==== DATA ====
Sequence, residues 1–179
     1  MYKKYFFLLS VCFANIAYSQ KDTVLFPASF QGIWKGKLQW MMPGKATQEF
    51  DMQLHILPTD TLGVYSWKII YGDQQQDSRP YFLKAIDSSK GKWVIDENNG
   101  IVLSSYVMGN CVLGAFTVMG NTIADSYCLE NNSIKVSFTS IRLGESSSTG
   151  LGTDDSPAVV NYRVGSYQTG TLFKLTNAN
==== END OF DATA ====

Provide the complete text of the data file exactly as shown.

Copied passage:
Sequence, residues 1–179
     1  MYKKYFFLLS VCFANIAYSQ KDTVLFPASF QGIWKGKLQW MMPGKATQEF
    51  DMQLHILPTD TLGVYSWKII YGDQQQDSRP YFLKAIDSSK GKWVIDENNG
   101  IVLSSYVMGN CVLGAFTVMG NTIADSYCLE NNSIKVSFTS IRLGESSSTG
   151  LGTDDSPAVV NYRVGSYQTG TLFKLTNAN